Homelessness is hurting our community. Some of our neighbours have fallen on hard times and many who suffer from histories of abuse, addiction and mental illness end up sleeping rough. Living on the street is never part of anyone’s plan and we must make the decision that building strong neighbourhoods means ensuring that everyone has a safe place to sleep.
This is not merely a choice based on compassion but one of fiscal responsibility. How our most vulnerable live affects our capacity to build a city that is attractive to business and growth. As a former Executive Director of Shelter House I have worked with the homeless intensively and understand what it takes to make change. As a business owner I know the effect homelessness has on our business community and our ability to make Thunder Bay an attractive destination. Allowing homelessness to continue to go unchecked is a coward’s choice and we need strong leaders who aren’t afraid to face down our toughest problems.
We have the most expensive model for dealing with people experiencing homelessness. For example, housing 1 person at Shelter House costs approximately $1950 per month. Every ambulance call involving a high needs homeless individual costs approximately $490 per call, with EMS receiving 3-5 calls per night. Our homeless population is disproportionately represented in emergency room visits at the hospital and take up a disproportionate amount of police time. A 2005 study shows that the costs involved in dealing with a homeless person through the hospitals and jails can cost up to $120,000 annually.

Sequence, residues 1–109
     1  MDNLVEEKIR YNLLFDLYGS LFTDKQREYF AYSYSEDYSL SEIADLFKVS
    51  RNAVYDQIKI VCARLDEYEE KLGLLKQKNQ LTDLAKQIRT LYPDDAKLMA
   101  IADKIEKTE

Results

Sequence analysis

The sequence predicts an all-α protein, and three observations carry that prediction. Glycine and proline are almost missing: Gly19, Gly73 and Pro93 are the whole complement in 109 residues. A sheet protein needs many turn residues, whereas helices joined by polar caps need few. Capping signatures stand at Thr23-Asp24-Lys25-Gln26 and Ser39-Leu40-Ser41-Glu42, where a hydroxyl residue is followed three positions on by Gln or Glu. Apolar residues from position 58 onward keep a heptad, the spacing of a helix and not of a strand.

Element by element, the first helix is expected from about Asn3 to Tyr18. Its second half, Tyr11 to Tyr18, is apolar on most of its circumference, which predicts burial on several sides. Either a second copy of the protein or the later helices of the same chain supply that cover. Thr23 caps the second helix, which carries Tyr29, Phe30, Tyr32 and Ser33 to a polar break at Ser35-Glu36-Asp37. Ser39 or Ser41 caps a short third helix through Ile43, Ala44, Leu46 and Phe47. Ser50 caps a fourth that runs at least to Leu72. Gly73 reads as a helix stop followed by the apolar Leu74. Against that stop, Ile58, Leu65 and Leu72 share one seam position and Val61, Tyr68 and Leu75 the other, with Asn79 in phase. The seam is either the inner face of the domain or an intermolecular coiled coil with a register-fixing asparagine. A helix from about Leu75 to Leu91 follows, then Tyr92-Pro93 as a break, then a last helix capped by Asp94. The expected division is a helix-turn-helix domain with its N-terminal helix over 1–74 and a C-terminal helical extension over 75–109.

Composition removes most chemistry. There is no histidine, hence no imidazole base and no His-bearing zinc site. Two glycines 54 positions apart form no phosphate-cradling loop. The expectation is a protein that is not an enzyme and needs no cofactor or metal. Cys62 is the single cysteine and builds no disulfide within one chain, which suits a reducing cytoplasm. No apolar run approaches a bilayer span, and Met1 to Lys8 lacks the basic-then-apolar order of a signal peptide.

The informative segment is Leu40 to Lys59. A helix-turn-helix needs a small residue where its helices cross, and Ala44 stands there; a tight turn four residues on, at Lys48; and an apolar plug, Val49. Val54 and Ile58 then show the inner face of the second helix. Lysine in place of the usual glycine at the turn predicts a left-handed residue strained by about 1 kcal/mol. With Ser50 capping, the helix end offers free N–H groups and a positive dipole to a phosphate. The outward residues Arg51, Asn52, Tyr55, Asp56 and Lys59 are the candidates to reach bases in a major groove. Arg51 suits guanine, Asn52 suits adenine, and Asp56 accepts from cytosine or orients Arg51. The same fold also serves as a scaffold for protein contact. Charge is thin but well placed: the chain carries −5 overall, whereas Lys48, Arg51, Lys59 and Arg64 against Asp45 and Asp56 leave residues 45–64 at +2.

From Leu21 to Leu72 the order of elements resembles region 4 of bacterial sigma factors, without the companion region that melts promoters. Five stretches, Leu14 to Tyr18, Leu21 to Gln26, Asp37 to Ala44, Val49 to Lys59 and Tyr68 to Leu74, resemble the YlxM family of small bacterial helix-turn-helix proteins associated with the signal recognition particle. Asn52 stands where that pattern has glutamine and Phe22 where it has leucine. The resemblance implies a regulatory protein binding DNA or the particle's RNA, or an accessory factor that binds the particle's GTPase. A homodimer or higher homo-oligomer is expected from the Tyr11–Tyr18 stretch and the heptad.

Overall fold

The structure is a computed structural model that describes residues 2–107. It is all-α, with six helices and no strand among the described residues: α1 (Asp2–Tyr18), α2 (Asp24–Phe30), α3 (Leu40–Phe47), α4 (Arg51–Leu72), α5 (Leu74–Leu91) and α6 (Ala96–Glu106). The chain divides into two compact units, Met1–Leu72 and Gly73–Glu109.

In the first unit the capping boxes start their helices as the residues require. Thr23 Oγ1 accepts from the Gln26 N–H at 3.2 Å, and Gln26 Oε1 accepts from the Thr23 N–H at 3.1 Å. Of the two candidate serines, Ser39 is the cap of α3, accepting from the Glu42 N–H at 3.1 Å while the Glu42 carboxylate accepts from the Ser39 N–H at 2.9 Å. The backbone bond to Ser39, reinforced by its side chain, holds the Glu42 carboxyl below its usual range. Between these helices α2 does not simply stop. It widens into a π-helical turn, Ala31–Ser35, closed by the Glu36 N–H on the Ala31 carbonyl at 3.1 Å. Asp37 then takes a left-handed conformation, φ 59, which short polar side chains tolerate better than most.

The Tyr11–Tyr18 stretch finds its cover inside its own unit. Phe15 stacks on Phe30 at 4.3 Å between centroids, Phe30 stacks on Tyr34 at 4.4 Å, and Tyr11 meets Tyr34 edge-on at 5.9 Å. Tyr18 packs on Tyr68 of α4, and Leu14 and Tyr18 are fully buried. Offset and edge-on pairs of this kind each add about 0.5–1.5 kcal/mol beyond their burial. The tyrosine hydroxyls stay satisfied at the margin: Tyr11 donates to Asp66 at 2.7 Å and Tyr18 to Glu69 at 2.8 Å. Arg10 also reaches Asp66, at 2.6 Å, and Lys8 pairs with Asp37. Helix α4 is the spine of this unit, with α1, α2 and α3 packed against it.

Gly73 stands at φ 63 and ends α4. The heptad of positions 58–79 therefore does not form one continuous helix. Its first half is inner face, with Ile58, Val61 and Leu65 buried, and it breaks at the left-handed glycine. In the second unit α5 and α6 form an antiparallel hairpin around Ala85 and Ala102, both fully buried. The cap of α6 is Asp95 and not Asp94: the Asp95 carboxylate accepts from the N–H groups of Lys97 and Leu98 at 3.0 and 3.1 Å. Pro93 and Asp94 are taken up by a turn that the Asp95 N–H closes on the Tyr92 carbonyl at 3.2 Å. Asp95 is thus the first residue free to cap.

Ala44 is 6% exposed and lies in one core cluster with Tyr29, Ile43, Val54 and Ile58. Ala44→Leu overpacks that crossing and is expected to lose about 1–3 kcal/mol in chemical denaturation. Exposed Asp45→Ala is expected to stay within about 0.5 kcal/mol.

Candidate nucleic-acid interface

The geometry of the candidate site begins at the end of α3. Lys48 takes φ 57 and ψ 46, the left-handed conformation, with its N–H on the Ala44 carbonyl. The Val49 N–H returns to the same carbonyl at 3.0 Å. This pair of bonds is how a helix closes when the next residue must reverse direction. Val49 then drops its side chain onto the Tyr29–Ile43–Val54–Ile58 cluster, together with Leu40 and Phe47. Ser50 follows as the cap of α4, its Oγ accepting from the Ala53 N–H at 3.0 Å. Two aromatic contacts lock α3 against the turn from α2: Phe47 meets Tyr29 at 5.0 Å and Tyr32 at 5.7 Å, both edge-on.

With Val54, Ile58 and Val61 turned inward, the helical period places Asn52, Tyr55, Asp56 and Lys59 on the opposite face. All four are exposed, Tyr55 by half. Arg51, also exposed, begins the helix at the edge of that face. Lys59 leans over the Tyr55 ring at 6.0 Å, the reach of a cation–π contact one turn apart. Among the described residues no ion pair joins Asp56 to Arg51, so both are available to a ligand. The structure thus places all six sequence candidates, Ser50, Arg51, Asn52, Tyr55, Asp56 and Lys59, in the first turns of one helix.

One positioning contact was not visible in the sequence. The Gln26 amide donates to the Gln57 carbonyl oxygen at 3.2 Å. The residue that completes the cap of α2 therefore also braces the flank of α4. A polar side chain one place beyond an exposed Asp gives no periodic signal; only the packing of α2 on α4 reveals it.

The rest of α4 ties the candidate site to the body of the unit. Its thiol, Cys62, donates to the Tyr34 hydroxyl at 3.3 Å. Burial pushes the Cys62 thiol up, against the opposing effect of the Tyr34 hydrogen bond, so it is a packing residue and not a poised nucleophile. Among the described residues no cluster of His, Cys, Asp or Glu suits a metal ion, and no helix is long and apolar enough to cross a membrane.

The average person struggling with homelessness in Canada costs, on average, $53,144 per person per year. However, using the housing-first model, it would cost around $22,257 for the highest need users and $14,177 per year for moderate need individuals. The costs of homelessness are borne by our city and the solutions must come from us. We can’t hide behind the province and claim that homlessness isn’t a municipal issue. It affects our city directly, costs us dearly and if we don’t step up to solve the problem, no one else is going to save us.
Our city would reap huge cost savings by investing in housing our most vulnerable and providing them with the services they need. This will save thousands of police hours to be redirected towards violent criminals and unclog our ER and EMS services. It will take our most vulnerable from the streets into safe homes making it easier for our downtowns to thrive and our retail stores to flourish. Tourists will find clean, safe streets while those struggling with housing will find clean beds and supportive staff to help them get back on their feet.
My pledge will be to end chronic homelessness within 5 years. We must adopt a true housing-first approach to homelessness, end homelessness in Thunder Bay and make the choice to invest in ourselves to make our neighbourhoods strong. Ending homelessness is not only the right thing to do, it’s the fiscally responsible thing to do. It’s time we stop waiting for handouts from the province, start acting and choose great leaders with the courage to end this blight on our community.
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